The Shrieker Podcast 013: Looking Back At Year 1

This month we look back at the past year of Shrieking and forward into the unavoidable vortex of uncertainty that is the future.

  • Phil Louis talked about Wrath of the Autarch in episode 1. After a successful kickstarter, his game is now available on DriveThru.

  • Jeff Dee discussed Monkey House’s legal battle over Villains and Vigilantes in episode 2. The trial reached a settlement in April.

  • Mark Diaz Truman got buried in a landslide of money after the 7th Sea Kickstarter and hasn’t been able to give Cartel the attention he wanted after episode 3. Hopefully he will soon.

  • Marissa Kelly, who gave us the scoop on Bluebeard’s Bride in episode 4, has gotten her game to the point where it’s in copy editing. There should be Kickstarter popping up for it soon.

  • Taylor Frank enthusiastically told us about Dungeon Lord, his Dungeon Crawl Classic fan zine, in episode 6. He was the target of death threats and other harassment from the RPG community and has left the scene.

  • Jonathan Zimmerman shared his first game, Nighttime Guardians, with us in episode 7. Now he’s working on revising and improving it.

  • Josh Van Laningham has continued to work for Level 99 Games since episode 8. The kickstarter for their BattleCON: Trials of the Indines is wrapping up very soon.

  • Nicholas Hopkins has been quietly working on his Lovecraftian Powered by the Apocolypse game, Cyclopean Stars, since episode 9. He hopes to give it public playtesting at New Mexicon this spring.

  • Scott Rhymer has been pushing Black Campbell Entertainment since episode 11. Their first module, White Apes of the Congo, should be released any day now.

  • Lee Francis hasn’t had much time since episode 12 but Indigenous Comic Con is still gathering momentum and promises to be an exciting event next month.

  • I have done a lot in the past year. I ran my first convention game at New Mexicon 2015. I released my first 3 games, Anything Helps for the 2015 Golden Cobra Challenge and Mudsling and Rainbow World for the 2016 200 Word RPG Challenge. I helped form the Albuquerque Area RPG Meetup Thursday Game Night, which has played 30 different games since January, frequently has two tables playing at once, and is introducing short form campaign games. I started an RPG club at a local middle school, getting a dozen new kids playing games. I helped organize New Mexicon 2016. I started doing art direction for Magpie Games.

For a variety of reasons, the Shrieker will now be going into a hiatus. During this time I will be working to restructure the show so that it can return better than ever. There will be short monthly updates of my progress towards that goal and the social media communities will remain active.

Rate and Review our show on itunes, join our Facebook  and G+ communities, comment on our website, or email me. We’d love to hear from you.

The Shrieker Podcast 003: Mark Diaz Truman

Mark Diaz-Truman talks with us about his upcoming game Cartel, issues with mixing too much reality into gaming, and the differences between designing Powered by the Apocalypse games as opposed to using the Fate system.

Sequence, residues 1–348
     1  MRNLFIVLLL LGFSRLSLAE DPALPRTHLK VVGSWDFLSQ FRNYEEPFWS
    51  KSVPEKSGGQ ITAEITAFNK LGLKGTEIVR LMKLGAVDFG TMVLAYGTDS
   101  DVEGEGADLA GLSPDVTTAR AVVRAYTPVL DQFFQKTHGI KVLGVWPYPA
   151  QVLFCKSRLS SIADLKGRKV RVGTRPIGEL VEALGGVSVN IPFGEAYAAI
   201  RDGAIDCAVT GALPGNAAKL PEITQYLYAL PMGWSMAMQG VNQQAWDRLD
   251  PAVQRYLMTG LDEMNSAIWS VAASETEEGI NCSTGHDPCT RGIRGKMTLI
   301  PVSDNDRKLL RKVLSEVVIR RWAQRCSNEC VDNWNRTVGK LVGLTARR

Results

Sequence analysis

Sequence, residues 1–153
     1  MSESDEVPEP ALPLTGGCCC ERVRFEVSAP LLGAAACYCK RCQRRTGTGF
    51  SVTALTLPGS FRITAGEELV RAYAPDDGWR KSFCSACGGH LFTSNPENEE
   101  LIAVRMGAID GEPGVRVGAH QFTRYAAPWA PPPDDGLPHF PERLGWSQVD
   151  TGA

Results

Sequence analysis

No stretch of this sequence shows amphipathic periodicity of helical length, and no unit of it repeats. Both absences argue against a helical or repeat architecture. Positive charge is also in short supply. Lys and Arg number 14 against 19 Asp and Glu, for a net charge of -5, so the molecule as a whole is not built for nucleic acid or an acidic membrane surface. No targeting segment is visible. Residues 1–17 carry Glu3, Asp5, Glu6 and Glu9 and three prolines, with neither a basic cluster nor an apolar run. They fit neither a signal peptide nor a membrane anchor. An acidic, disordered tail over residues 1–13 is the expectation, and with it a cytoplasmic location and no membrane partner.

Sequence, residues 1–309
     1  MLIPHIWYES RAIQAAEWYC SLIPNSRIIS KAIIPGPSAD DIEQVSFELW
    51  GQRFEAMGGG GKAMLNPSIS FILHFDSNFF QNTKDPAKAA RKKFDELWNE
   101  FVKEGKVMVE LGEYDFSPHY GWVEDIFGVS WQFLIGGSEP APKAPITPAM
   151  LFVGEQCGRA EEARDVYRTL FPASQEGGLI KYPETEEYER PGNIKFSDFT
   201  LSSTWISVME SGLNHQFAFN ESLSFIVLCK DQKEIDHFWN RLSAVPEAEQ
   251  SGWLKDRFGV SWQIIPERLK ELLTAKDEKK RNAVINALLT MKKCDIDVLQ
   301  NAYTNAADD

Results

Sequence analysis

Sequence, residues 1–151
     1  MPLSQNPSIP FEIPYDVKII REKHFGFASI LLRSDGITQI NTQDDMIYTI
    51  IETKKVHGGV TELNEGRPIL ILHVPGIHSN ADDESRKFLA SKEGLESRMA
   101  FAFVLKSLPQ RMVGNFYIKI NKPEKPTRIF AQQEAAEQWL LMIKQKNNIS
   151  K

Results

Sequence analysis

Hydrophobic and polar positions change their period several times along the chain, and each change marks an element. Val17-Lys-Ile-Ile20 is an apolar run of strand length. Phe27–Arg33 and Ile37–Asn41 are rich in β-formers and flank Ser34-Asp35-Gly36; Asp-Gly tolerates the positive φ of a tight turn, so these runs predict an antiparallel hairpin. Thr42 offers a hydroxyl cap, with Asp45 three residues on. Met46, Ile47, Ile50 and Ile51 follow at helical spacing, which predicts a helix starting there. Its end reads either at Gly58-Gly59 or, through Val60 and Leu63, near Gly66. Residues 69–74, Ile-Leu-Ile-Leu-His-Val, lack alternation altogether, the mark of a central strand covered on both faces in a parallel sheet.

Cartel is currently available in ashcan format through Magpie Games. It's a narco-fiction game, drawing inspiration from Breaking Bad, The Wire, Traffic, and The Departed. narco-fiction is the antithesis of noir. Noir tends to be serious and about uncovering a hidden truth while narco-fiction can be a black comedy with no mystery, just people living and dying in a terrible world. It ends ores to separate the legality of a character’s action from the more interesting question of its morality. Inspired by Sagas of the Icelanders, it also tries to immerse players in the cultural realities of Mexico. The playbooks in Powered by the Apocalypse games can do this by highlighting what is interesting and uncertain in a setting. This allows Mark sees this as an opportunity to create games that tell the stories of minorities that otherwise might not be told, to create games in which being white and male must be a choice rather than the default. However, The world of Cartel is not a perfect mirror of Mexican life. It is more realistic than most games, shedding the tropes of magic and superheroes, but it diverges from reality in subtler ways. This abstraction to an exaggerated, mythic Mexican landscape allows player to tackle harsh issues in a way that is still entertaining and emotionally safe. There are not many games that sit so close to reality (14 Days and Fight Fire being other examples) because it becomes difficult to guarantee excitement and drama, an issue that Moore passive storytelling mediums (like novels and movies) don't share.


Apocalypse World and Fate are two major open platforms for aspiring designer to build on, but they are very different. Fate is a generic system that can be tweaked and adjusted into a new game. Apocalypse World, on the other hand, simply offers playbooks, which is more of a way of formatting a game than a system. Apocalypse World could never be generic as the setting is interwoven with each playbook’s moves. Also, Fate has a welcoming community of designers who support each other, while Powered by the Apocalypse designers seem more likely to work independently. Ultimately, Mark believes that Apocalypse games are much harder to make.

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I wrote my first game Anything Helps for the 2015 Golden Cobra Challenge. Give it a try and tell me what you think.

Rate and review our show on itunes, comment on our website, or email me at shriekerpodcast(at) We'd love to hear from you.